“Perkins House staff should be getting ready for their upcoming tourist season, but instead, they are left wondering if this will be the third summer with closed doors,” says Masland.
In 2015, the Liberal government said it was evaluating the level of work needed to determine when repairs could proceed. In 2016, the province said it would move forward with the work, but there has been no update on when repairs will begin and the museum will reopen.
“The McNeil government continues to be silent on Perkins House,” says Masland. “Three years have already passed. Letting the disrepair go on any longer would be irresponsible. Not to mention, the cost of repairing isn’t getting any cheaper.”
Masland says 21 other museum sites across Nova Scotia have all been operating without interruption. She wants to see equal treatment for the Queens-Shelburne riding.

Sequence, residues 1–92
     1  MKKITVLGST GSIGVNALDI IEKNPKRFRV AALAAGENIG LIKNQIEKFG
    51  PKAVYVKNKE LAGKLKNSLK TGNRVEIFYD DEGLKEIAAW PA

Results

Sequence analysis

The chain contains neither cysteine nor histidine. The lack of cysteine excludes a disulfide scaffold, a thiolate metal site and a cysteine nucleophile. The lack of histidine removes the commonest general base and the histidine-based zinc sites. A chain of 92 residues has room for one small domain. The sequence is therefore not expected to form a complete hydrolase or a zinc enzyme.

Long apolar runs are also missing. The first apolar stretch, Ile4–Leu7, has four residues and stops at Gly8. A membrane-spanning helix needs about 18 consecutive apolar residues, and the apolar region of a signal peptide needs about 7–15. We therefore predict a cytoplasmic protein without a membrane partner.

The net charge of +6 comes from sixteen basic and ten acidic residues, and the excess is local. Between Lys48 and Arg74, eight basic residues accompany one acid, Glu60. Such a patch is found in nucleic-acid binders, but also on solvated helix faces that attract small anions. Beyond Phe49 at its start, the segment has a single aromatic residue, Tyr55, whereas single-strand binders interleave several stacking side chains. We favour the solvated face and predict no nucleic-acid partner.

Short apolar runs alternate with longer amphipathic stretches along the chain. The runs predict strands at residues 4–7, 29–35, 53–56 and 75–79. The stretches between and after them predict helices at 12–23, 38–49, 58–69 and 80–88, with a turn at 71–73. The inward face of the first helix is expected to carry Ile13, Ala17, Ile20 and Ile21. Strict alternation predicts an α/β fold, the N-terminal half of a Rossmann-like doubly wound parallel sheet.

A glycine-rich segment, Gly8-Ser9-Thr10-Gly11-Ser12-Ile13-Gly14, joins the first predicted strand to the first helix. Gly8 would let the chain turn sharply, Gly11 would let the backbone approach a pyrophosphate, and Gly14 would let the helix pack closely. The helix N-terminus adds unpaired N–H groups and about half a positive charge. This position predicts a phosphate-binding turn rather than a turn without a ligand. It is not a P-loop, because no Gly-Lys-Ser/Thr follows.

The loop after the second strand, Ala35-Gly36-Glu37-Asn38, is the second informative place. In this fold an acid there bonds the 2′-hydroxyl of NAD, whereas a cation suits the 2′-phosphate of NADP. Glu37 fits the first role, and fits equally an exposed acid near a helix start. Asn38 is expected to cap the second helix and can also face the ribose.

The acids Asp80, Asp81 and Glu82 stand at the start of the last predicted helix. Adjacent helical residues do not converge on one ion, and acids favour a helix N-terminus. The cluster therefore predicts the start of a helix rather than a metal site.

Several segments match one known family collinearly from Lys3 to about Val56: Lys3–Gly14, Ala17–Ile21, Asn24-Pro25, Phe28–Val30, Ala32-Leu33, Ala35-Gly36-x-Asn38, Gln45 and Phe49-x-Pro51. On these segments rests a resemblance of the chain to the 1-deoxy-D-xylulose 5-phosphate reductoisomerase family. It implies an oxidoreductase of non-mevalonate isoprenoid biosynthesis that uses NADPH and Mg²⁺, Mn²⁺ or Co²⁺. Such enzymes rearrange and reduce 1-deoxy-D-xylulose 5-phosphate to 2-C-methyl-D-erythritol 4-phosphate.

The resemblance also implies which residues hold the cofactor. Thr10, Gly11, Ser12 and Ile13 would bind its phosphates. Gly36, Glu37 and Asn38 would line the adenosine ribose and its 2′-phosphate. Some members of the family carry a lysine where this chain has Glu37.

“Stephen McNeil has no problem giving money to his Liberal friends, but for some reason he won’t invest in Perkins House,” Masland says. “People coming to the South Shore on the Yarmouth Ferry need places to visit. The museum is a significant ingredient in what Queens-Shelburne can offer tourists and it’s time to get the museum up and running for the 2017 summer season.”
Masland met with Chairman of the Queens County Museums Board of Trustees, George Mitchell, and director of the Queens County Museum and Perkins House, Linda Rafuse, to discuss the significance of 2017 for Perkins House. It marks 60 years since the 250-year-old building became a Nova Scotia’s first museum, making it also the oldest in the province.
Masland says residents of Queens-Shelburne need an MLA who is prepared to ask the tough questions and fight to ensure the doors of Perkins House are open and Queens-Shelburne isn’t forgotten.